Establishing Meaningful Measures of Success for Donor Relations and Stewardship
Session 3D: Establishing Meaningful Measures of Success for Donor Relations and Stewardship
Join Anne Manner-McLarty and Debbie Meyers in St. Louis for an interactive workshop to explore the various methods being used for measuring the success of donor relations and stewardship and work in small groups to draft a measurement plan. Wednesday, October 3rd, 1:30pm in Regency C. Registration is available through the ADRP Conference app (iOS, Android).
Metrics is a hot topic within all fundraising fields. Measurement models have been established for monitoring the work of frontline fundraisers in order to assess the variety of activities performed as well as the schedule, pace, and outcomes of those activities. With this information in hand, choices can be made about which fundraising activities are most effective in achieving the desired donor behavior, most obviously giving.
There have been frequent calls for similar metrics in our field but few organizations are legitimately underway in their quest to implement a metrics program specific to donor relations and stewardship. There is a substantial debate about what should be measured and how and many argue it is harder to identify specific donor responses as outcomes of donor relations strategy. For instance, retention is the most frequently cited indicator of donor relations’ success but retention and upgrade are muddy measures that are influenced by many factors.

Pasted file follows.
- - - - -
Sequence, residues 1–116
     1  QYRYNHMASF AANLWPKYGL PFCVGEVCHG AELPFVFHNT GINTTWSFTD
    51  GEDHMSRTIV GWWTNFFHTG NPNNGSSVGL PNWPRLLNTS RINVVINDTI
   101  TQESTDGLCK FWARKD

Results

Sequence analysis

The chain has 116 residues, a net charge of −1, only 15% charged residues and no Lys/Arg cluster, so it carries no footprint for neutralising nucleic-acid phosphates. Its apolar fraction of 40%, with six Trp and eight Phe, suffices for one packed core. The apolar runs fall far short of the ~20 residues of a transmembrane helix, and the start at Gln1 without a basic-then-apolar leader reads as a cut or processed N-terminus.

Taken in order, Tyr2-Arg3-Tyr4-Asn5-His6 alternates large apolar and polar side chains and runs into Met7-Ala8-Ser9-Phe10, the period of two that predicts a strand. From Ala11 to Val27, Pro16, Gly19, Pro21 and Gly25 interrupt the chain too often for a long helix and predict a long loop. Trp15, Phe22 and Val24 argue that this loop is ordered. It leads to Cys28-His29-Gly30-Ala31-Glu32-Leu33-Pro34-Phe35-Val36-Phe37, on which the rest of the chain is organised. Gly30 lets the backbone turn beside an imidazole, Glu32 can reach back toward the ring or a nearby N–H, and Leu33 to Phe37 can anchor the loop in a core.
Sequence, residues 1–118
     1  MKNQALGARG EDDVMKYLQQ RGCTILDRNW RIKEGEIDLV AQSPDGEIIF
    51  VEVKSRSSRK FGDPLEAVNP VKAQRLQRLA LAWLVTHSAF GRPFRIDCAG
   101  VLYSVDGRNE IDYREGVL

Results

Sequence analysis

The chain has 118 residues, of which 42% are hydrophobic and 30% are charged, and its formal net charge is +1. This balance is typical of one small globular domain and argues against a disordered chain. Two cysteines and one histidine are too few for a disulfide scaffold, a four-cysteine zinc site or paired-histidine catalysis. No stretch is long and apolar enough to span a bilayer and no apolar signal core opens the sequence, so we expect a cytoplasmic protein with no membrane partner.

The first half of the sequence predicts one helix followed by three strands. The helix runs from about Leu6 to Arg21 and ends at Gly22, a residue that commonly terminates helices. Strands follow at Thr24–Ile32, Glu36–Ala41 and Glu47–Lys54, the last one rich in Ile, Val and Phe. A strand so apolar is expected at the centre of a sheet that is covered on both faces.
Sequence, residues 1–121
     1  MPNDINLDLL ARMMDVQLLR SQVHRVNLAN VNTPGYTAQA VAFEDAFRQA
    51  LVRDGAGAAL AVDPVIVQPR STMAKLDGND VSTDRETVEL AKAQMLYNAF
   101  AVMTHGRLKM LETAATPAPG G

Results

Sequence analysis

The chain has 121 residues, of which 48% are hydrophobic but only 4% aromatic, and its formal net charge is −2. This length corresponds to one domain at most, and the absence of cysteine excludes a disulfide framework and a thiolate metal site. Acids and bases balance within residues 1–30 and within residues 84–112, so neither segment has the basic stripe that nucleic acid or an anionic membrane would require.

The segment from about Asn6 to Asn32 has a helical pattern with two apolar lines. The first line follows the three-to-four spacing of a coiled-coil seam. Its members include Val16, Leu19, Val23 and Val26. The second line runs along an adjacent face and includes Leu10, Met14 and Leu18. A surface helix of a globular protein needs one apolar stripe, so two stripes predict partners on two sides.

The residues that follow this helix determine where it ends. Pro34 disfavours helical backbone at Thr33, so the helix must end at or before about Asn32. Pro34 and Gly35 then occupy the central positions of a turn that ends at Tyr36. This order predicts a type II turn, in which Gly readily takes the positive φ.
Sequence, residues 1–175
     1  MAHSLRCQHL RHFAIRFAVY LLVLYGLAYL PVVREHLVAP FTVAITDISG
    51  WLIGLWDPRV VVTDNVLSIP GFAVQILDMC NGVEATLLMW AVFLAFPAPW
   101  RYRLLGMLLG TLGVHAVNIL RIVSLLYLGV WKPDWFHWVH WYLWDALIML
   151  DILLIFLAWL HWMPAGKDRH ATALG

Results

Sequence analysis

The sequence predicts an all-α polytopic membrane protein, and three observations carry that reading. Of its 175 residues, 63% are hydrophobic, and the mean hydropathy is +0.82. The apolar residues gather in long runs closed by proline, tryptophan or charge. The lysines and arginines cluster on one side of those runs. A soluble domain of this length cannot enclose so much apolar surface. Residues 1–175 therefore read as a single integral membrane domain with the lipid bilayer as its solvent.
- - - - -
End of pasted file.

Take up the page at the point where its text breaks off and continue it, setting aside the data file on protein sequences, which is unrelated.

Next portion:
Before launching any metrics program, it is important to clarify these basics:
Why is data needed?
What will be measured?
Who will record, report and analyze the data?
When will meaningful data be available?
How might a metrics program be structured?
We’ll consider differences in measuring internal metrics, such as volume and type of activities performed by staff, versus external metrics, such as donor preference or behavior outcomes as a result of donor relations activity.
This session will explore the most frequent impediments to establishing a metrics program:
Lack of clarity about the goals of donor relations and stewardship
Insufficient data resulting from either inconsistent or nascent data-gathering
Unreasonable expectations about the potential for change based on insight gained from the metrics
Anne will provide ideas she explored in her article, “Developing Evidence-based Practice within Donor Relations and Stewardship,” published in Book 2: Measurement of the Journal of Donor Relations & Stewardship. Debbie will share experience she has gained implementing measurement practices for her donor relations team. We’ll then break out into small groups to develop measurement plans coupling the information shared during the session with practical experience from the participants.
Preview the materials for this session:
Worksheet: Metrics Program Planning Worksheet.pdf